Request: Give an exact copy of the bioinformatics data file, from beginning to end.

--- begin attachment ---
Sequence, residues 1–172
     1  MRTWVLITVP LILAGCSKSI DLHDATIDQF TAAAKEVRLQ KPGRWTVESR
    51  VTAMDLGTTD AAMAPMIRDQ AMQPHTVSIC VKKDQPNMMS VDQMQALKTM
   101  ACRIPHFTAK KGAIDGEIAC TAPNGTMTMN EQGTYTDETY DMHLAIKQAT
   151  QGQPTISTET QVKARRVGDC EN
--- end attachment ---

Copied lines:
Sequence, residues 1–172
     1  MRTWVLITVP LILAGCSKSI DLHDATIDQF TAAAKEVRLQ KPGRWTVESR
    51  VTAMDLGTTD AAMAPMIRDQ AMQPHTVSIC VKKDQPNMMS VDQMQALKTM
   101  ACRIPHFTAK KGAIDGEIAC TAPNGTMTMN EQGTYTDETY DMHLAIKQAT
   151  QGQPTISTET QVKARRVGDC EN